Chris LeDoux

Bareback rider turned country singer with edge
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The Independent Online

Christopher LeDoux, musician and rodeo rider: born Biloxi, Mississippi 2 October 1948; married 1972 Peggy Rhoads (four sons, one daughter); died Casper, Wyoming 9 March 2005.

Chris Ledoux was a rodeo rider turned country singer who became an iconic figure to a younger generation of musicians including Mark Chesnutt, Toby Keith and, especially, Garth Brooks.

A dynamic live performer, he recorded over 30 albums. Each reflected his love for what he described as the "real cowboy" way of life and each was invested with an attitude and edge that ensured that it shared little in common with more traditional offerings within the genre. "I've been banging this triangle between western, country and rock'n'roll my whole life," he once remarked. "The constant is that, hopefully, it all rings true."

He was born in Biloxi, Mississippi, in 1948. His grandfather, a retired cavalry sergeant who had fought against Pancho Villa, encouraged his interest in the rodeo and he began to compete whilst still in his teens. He turned professional in 1970 and, in 1976, became World Champion Bareback Rider. Increasingly drawn to music as a creative outlet, and starting with Songs of Rodeo Life (1971), he began to record a series of albums which he released on his own American Cowboy Songs label.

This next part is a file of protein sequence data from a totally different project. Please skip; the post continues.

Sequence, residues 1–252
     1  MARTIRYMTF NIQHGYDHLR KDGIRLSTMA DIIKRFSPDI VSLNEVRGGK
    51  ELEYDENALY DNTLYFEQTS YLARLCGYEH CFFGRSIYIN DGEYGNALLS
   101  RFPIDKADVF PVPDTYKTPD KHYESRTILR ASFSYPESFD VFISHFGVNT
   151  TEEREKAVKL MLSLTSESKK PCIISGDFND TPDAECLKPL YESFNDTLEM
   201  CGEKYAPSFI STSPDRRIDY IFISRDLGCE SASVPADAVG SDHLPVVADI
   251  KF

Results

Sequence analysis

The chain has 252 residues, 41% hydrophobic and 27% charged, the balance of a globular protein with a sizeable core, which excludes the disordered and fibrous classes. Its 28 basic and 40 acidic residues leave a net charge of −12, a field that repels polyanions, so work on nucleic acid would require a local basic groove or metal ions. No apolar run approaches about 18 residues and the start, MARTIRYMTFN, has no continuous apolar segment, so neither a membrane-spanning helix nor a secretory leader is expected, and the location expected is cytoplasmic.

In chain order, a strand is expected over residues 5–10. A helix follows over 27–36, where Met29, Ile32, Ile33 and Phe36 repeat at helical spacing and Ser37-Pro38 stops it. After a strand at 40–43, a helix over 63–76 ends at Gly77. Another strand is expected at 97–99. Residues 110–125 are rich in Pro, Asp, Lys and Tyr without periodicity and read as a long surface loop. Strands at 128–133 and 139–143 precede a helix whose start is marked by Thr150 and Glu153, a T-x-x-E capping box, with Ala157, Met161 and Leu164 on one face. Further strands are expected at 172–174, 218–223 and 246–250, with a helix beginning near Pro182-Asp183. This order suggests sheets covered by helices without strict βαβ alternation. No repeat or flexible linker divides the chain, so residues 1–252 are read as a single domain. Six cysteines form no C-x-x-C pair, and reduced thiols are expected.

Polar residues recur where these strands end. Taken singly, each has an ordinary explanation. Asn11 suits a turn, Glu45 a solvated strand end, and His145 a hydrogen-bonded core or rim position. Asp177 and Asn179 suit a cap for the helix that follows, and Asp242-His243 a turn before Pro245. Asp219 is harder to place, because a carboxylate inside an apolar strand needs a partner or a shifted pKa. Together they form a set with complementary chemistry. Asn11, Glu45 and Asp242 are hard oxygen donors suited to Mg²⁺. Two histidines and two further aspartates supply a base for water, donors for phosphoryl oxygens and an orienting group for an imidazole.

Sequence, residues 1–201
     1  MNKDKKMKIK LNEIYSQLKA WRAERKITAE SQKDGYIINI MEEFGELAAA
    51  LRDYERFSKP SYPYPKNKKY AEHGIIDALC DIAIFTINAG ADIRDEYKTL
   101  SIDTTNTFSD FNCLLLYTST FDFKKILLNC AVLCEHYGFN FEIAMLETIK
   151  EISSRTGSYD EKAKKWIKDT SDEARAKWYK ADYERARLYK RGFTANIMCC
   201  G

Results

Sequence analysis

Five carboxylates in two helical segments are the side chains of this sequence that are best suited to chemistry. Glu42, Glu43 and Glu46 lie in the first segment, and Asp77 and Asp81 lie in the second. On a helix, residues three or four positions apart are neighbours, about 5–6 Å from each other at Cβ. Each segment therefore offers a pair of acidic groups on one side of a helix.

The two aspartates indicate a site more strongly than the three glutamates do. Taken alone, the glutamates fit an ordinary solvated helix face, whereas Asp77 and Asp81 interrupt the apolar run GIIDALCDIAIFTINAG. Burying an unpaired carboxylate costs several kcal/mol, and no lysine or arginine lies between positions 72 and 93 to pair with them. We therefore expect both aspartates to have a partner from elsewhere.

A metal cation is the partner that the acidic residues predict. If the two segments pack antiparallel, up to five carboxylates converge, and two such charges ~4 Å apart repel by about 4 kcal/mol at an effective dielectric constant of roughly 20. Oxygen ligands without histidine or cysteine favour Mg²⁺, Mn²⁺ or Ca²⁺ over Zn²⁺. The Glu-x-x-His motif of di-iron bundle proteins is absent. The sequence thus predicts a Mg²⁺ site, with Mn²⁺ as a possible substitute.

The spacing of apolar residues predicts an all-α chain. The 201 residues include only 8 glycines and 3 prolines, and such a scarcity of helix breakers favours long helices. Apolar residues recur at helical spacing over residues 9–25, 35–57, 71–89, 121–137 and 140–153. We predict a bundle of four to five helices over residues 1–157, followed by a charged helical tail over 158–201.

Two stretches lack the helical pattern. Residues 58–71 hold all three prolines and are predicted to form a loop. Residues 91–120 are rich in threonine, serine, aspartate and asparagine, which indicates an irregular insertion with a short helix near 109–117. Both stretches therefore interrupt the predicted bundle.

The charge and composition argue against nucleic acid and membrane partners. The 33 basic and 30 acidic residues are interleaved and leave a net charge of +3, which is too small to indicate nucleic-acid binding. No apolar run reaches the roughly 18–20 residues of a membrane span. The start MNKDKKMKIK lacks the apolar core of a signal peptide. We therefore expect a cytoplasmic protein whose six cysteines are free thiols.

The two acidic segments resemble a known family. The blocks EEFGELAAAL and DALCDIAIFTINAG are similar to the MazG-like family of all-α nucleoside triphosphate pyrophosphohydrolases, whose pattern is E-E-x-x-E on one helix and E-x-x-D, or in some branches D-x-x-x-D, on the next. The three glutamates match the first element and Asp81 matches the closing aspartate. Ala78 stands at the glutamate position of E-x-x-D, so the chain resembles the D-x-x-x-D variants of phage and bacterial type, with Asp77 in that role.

In 1980 he retired from riding to concentrate on music. His electrifying live shows developed a cult following and, in time, proved a pivotal influence on the country superstar Garth Brooks, who has readily acknowledged the debt he owes to LeDoux. It was, in fact, the advocacy of Brooks, who name-checked him on his hit "Much Too Young (To Feel This Damn Old)" (1989), that led to the veteran performer's deal with Capitol Records in 1991. LeDoux later remembered:

For all the years that I'd been making records, I kinda wondered if I'd really been touching anybody with what I'm doing, and I guess that kind of put the exclamation point on it. Said, yeah, you've done something worthwhile.

His first album for his new label, Western Underground (1991), yielded a handful of minor hits and was followed, a year later, by Whatcha Gonna Do with a Cowboy. The title track, a duet with Brooks, became his biggest hit. In addition, Capitol reissued each of the 22 albums he had recorded as an independent.

Albums such as Under This Old Hat (1993), Haywire (1994) and Stampede (1996) were critically acclaimed and, in time, he sold over five million discs. His willingness to look beyond country music for source material - his fine cover of Bruce Springsteen's "Tougher than the Rest" (1994) - and musical partners - his duet with Jon Bon Jovi, "Bang a Drum", on the album One Road Man (1999) - helped to develop his fan base.

In 2000 he was diagnosed with a rare liver condition and had to undergo a transplant. Within six months he was back touring and by 2002 he had another critical success, After the Storm, under his belt. He released a final album, Horsepower, last year.

Paul Wadey

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